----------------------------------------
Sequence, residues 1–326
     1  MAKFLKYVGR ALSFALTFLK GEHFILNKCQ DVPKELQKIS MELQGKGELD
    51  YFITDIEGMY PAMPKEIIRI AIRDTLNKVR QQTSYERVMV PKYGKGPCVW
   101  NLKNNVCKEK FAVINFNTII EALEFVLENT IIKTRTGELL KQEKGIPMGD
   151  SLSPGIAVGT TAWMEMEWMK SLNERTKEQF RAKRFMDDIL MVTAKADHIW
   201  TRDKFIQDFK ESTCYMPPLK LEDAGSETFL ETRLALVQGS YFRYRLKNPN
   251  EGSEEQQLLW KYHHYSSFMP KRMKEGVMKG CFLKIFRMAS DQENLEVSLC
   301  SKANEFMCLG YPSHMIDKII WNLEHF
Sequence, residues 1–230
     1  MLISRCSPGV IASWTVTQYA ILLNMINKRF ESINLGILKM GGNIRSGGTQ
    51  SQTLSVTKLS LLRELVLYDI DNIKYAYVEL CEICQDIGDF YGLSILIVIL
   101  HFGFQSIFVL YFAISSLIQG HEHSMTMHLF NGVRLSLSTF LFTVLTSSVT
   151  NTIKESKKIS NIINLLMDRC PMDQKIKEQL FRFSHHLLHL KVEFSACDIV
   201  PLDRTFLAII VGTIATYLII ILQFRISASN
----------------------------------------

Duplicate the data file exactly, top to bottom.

Sequence, residues 1–326
     1  MAKFLKYVGR ALSFALTFLK GEHFILNKCQ DVPKELQKIS MELQGKGELD
    51  YFITDIEGMY PAMPKEIIRI AIRDTLNKVR QQTSYERVMV PKYGKGPCVW
   101  NLKNNVCKEK FAVINFNTII EALEFVLENT IIKTRTGELL KQEKGIPMGD
   151  SLSPGIAVGT TAWMEMEWMK SLNERTKEQF RAKRFMDDIL MVTAKADHIW
   201  TRDKFIQDFK ESTCYMPPLK LEDAGSETFL ETRLALVQGS YFRYRLKNPN
   251  EGSEEQQLLW KYHHYSSFMP KRMKEGVMKG CFLKIFRMAS DQENLEVSLC
   301  SKANEFMCLG YPSHMIDKII WNLEHF
Sequence, residues 1–230
     1  MLISRCSPGV IASWTVTQYA ILLNMINKRF ESINLGILKM GGNIRSGGTQ
    51  SQTLSVTKLS LLRELVLYDI DNIKYAYVEL CEICQDIGDF YGLSILIVIL
   101  HFGFQSIFVL YFAISSLIQG HEHSMTMHLF NGVRLSLSTF LFTVLTSSVT
   151  NTIKESKKIS NIINLLMDRC PMDQKIKEQL FRFSHHLLHL KVEFSACDIV
   201  PLDRTFLAII VGTIATYLII ILQFRISASN